Youth are a key stakeholder group that will be fundamentally impacted by the results of today’s decisions and the success or failure of actions to address climate change, conserve the environment, and achieve the Sustainable Development Goals.
Youth are almost 16% of the world's total population, with the highest number of youth in South and Central Asia. This large youth population presents a powerful resource and can help to accelerate climate action across different sectors and areas in countries like Sri Lanka. The engagement of young people on the local, national, international, and individual level will be decisive when it comes to shaping the future and finding innovative and transformative solutions to climate change and the other global challenges outlined above.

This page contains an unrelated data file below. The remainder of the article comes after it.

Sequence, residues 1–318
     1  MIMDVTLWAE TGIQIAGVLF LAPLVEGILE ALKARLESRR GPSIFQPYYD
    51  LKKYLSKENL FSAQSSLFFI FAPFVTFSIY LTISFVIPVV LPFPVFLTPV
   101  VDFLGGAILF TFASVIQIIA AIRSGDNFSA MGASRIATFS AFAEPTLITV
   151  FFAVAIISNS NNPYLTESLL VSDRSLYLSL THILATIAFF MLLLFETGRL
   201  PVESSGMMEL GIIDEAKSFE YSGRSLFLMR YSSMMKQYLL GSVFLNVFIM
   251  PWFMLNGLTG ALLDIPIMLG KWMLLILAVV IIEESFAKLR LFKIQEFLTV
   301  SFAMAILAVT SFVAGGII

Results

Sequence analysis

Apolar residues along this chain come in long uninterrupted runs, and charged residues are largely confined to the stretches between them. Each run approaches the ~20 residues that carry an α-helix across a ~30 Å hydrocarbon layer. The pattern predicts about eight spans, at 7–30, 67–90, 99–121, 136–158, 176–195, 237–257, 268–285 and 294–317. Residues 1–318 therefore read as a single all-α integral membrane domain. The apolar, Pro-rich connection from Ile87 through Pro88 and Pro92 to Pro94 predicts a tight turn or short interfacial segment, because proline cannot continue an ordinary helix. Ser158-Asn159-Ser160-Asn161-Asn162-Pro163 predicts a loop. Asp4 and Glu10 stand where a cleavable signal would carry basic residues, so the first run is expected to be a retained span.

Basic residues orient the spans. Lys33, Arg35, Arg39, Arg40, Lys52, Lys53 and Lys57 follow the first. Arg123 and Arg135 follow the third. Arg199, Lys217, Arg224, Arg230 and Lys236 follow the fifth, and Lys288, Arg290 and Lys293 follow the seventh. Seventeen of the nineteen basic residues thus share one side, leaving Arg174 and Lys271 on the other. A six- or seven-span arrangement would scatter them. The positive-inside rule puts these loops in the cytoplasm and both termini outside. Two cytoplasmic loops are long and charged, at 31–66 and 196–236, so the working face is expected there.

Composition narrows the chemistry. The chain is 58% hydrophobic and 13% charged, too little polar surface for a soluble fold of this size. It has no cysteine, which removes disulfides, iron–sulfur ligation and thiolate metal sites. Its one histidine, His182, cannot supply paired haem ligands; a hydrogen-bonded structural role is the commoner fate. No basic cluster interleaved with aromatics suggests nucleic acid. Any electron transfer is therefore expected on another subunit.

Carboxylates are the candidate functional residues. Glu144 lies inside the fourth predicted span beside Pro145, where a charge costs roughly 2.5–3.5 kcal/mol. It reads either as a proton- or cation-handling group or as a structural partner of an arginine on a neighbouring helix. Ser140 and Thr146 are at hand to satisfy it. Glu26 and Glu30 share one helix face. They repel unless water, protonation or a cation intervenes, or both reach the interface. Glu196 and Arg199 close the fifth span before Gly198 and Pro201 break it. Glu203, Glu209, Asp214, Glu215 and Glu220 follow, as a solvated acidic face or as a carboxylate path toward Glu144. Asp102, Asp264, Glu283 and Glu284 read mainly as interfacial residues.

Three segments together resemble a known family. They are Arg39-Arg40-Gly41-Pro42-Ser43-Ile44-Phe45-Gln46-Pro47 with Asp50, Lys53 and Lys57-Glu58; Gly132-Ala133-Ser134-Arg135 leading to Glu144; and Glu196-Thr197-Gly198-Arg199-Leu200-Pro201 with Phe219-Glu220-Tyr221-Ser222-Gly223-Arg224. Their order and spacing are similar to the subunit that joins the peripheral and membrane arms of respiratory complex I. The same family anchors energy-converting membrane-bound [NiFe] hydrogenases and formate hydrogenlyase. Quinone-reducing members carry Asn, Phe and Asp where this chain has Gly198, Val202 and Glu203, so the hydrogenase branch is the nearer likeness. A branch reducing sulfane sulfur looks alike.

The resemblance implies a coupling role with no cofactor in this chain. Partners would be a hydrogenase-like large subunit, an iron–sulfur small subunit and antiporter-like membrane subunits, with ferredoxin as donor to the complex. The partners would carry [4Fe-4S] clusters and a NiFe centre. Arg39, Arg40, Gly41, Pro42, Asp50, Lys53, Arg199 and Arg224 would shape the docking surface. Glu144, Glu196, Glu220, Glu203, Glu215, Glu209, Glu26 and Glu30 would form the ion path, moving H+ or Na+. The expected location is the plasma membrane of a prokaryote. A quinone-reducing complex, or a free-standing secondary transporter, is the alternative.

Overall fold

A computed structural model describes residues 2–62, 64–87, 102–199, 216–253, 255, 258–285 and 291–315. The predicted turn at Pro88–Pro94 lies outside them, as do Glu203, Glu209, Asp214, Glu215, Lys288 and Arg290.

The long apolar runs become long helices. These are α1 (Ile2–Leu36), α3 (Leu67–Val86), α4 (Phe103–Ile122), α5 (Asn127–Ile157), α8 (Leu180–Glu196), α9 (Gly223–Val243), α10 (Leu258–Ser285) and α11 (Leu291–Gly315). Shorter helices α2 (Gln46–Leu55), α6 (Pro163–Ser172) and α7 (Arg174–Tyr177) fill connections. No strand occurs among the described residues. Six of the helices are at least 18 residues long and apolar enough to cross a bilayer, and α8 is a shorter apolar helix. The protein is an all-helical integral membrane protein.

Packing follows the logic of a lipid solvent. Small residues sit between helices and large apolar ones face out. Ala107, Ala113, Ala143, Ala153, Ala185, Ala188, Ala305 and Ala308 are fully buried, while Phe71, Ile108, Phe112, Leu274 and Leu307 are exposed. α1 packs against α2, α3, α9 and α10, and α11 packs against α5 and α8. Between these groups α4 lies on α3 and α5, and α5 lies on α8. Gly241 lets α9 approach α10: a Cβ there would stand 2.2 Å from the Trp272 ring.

Youth inclusion in climate-related processes
The 1992 Rio Declaration on Environment and Development, which was an output of the United Nations “Earth Summit” in Rio de Janeiro, Brazil, explicitly refers to the “developmental and environmental needs of present and future generations” (principle 3) as well as the need to mobilize “the creativity, ideals, and courage of the youth of the world” to “achieve sustainable development and ensure a better future for all” (principle 21).
The engagement of youth as part of society and as important actors has been included both in the United Nations Framework Convention on Climate Change (article 6) and the 2015 Paris Agreement (article 12). Work related to both of these articles is covered under the term of Action for Climate Empowerment (ACE), which has the overarching goal to empower all relevant stakeholders including youth to engage in climate action through education, training, public participation, public awareness, public access to information, and international cooperation. Furthermore, youth are also represented in the UNFCCC negotiations and other UN events related to climate change through an official youth constituency, youth delegates, youth envoys, and the Conference of Youth taking place in conjunction with the annual global climate change conferences.